The Barrow Street Theatre, an off-Broadway producing venue that keeps a particularly close eye on what's popping in Chicago, is where David Cromer first made his name, when his production of Thornton Wilder's "Our Town" transferred from Chicago in 2009 and exploded a director's career.
Currently, Cromer is at it again at the Barrow Street, the 199-seat New York theater that most resembles an off-Loop venue, where his brilliantly directed production of Nina Raine's "Tribes," a raw, searing play about a young deaf man's journey within a dysfunctional family of British intellectuals, allows Cromer to play to his strengths. When it comes to directing actors to tell an intense story for an audience seated close to the action, Cromer is the guy. His choices in "Tribes," which stars Steppenwolf co-founder Jeff Perry, seem designed to take a family that, like many families, talks about everything but nothing, and tear away its defenses, leaving everyone nearly naked in the middle of the stage.
The result is Chicago-style theater in Greenwich Village. "Tribes" has already been extended through September.
So is Cromer doing something similar with Jonathan Larson's "Rent," which begins previews at the American Theater Company in Chicago this weekend?
"We're just doing 'Rent'; it works just fine by itself," Cromer said with a laugh the other day, talking in a Chicago bar after rehearsal and resisting the idea that if Cromer is doing "Rent," then Cromer must be doing something with "Rent." But Cromer, who has been stuck in a long development loop with "Yank," a new Broadway-aimed musical, has been itching to do a musical.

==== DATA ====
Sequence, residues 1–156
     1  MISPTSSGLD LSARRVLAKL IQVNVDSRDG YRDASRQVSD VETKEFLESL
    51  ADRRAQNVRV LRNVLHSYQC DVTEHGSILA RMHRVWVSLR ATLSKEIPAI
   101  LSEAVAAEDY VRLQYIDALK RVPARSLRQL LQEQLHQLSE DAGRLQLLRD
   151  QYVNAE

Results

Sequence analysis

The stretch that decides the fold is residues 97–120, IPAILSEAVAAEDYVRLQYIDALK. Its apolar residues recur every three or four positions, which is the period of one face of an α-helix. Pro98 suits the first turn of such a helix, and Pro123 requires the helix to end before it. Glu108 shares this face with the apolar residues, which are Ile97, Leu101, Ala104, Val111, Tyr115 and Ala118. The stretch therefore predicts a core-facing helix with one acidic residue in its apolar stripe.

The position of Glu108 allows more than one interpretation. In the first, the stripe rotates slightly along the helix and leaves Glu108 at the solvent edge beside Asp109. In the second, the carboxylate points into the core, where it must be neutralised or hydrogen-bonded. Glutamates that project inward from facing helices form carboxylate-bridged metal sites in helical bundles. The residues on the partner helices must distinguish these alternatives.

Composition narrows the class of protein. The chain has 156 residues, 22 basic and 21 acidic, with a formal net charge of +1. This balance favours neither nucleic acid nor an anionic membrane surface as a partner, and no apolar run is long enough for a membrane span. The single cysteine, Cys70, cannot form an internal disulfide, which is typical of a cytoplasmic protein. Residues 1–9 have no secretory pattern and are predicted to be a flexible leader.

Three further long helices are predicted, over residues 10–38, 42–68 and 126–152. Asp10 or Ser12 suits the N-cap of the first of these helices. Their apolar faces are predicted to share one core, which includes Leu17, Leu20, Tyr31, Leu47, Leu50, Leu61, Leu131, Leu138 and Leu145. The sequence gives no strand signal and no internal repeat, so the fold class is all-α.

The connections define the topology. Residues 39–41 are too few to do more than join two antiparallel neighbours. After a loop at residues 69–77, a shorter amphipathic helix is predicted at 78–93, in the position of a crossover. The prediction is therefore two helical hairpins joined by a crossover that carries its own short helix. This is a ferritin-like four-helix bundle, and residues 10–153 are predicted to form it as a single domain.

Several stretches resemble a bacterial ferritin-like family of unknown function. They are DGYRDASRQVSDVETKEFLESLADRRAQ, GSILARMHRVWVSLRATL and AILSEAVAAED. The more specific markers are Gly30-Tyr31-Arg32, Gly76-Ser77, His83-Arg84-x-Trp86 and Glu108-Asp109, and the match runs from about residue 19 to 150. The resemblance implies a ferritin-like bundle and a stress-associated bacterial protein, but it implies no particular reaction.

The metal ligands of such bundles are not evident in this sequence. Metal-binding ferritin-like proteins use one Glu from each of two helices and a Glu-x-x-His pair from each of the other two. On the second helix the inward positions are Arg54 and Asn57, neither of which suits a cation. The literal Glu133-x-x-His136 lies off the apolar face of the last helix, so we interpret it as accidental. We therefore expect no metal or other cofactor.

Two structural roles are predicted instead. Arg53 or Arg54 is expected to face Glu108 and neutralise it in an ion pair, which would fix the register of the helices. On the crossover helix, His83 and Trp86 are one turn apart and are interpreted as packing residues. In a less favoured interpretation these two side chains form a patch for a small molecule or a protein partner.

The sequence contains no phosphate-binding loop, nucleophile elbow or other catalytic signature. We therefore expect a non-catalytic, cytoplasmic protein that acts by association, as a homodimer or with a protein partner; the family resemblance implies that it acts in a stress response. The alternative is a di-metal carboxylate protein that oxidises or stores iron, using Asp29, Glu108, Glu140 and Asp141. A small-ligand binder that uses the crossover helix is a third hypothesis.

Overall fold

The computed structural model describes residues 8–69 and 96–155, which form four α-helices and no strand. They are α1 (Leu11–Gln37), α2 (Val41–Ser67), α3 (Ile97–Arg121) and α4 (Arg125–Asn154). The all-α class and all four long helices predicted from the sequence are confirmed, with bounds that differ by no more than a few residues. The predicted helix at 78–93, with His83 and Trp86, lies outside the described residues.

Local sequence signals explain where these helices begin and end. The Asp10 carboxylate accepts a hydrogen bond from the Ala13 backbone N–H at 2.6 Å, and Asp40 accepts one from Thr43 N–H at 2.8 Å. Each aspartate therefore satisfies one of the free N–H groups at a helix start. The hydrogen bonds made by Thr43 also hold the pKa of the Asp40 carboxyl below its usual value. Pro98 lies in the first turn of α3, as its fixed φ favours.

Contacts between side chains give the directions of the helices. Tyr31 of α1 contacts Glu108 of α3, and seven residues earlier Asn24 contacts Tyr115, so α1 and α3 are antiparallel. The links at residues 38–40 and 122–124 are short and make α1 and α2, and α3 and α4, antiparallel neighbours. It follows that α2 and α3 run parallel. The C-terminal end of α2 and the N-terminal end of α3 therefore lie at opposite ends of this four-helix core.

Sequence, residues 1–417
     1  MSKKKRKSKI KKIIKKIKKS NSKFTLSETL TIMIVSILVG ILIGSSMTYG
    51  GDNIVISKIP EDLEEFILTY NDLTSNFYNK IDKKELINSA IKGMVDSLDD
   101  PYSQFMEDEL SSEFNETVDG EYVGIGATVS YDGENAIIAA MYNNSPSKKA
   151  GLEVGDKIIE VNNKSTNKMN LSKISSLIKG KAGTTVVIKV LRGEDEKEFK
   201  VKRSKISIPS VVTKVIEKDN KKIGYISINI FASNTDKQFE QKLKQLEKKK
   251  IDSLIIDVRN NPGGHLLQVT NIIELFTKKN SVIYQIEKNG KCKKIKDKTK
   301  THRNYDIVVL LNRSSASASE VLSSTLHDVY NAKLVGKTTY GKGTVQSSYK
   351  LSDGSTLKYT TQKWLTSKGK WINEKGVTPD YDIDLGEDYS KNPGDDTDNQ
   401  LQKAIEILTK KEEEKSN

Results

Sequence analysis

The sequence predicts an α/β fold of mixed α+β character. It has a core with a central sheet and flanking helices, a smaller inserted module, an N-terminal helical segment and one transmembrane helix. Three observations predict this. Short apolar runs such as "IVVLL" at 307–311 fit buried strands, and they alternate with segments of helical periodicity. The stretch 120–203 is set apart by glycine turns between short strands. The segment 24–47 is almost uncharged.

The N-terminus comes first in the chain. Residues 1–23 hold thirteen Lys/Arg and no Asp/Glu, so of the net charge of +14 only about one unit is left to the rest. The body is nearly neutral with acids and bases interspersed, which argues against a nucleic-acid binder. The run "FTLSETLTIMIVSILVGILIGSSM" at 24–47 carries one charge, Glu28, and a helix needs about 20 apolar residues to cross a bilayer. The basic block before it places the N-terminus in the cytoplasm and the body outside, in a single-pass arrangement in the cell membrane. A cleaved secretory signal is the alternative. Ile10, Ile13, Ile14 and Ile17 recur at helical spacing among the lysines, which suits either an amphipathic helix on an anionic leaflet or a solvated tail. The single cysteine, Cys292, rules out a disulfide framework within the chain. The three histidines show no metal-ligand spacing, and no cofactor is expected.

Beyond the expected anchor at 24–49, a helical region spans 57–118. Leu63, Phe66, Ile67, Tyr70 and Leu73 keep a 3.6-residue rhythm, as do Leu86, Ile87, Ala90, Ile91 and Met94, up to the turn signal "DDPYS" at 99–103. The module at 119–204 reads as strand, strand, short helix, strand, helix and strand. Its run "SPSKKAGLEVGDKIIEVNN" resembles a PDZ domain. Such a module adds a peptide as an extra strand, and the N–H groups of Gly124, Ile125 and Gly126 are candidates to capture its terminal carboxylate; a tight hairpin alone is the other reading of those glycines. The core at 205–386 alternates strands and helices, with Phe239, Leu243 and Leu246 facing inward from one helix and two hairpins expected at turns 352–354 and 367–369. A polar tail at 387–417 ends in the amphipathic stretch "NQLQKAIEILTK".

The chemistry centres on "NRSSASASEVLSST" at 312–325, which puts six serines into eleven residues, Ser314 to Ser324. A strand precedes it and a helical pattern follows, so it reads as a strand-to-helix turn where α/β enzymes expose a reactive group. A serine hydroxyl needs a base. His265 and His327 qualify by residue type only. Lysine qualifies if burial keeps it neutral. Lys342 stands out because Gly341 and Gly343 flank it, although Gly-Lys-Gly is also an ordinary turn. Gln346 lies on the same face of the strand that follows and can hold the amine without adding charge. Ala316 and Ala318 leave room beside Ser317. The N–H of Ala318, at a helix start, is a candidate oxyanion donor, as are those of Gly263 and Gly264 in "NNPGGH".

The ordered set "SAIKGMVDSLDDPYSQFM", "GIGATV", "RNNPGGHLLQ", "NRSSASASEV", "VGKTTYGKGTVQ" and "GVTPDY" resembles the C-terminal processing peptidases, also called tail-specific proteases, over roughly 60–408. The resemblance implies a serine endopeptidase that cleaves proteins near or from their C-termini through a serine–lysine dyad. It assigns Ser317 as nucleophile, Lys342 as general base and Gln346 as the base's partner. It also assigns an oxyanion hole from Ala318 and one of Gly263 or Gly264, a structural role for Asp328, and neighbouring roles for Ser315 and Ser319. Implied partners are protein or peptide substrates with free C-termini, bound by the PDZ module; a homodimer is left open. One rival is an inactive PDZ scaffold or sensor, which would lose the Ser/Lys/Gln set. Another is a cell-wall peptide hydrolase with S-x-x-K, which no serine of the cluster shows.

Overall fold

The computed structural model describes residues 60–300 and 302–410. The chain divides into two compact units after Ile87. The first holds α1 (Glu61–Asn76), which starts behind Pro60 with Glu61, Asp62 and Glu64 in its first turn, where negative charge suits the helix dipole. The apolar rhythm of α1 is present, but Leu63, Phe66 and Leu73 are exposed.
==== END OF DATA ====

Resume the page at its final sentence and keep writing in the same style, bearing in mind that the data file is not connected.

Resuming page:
"I used to have a problem with myself liking 'Rent,'" he mused. "I suppose I thought I was just too cool to like it. But now I find I just want to spend some time in a rehearsal room with that material. It roars with this incredible passion. People sing, you know, lines like, 'I die.'"
"Rent" has, of course, lived in Chicago many times over the years, and there have been a couple of local productions. But the majority of the show's fans in this city have seen only various manifestations of Michael Greif's original Broadway staging.
So what, exactly, will Cromer do differently?
A few plans emerged in our conversation. The American Theater Company has been reconfigured to support an alley-style staging, where the audience is seated on either side of the action, as is the case with "Tribes." "We've moved seats in that theater," Cromer said, "that have not been moved in 25 years."
Cromer also said that he was interested in exploring in more realistic detail the work that the characters do — Mark and Roger's film-making, Maureen's performance art — thus honoring what these young Bohemians are in the East Village to actually do, at least when they are not distracted by love or the problems of the world outside. "I want to treat seriously," Cromer said, "the life for which these characters are striving."
He also pulled out images from his iPad that suggested the look of the show will be not so much a world of theatrical scaffolds but a harsher look at the grittier aspects of the East Village in the early 1990s. (The piece is not explicit nor entirely consistent about the precise moment of its setting).
But the orchestrations are the standard orchestrations; the cast is a mix of Equity and non-Equity actors, most of whom are young; and the show, Cromer insists, is just for Chicago.
No doubt. Barrow Street won't be able to get its hands on this one, since "Rent," as revised by Greif, still plays off-Broadway.
"I'd love to say this was a radical re-interpretation of 'Rent,'" Cromer said of his Chicago show. "But it's really just about a few young people who are very cold on Christmas Eve and don't want to leave the house because they want to stay home and work. But they do go out. And they fall in love."
And that might be just the radical interpretation the show needs.
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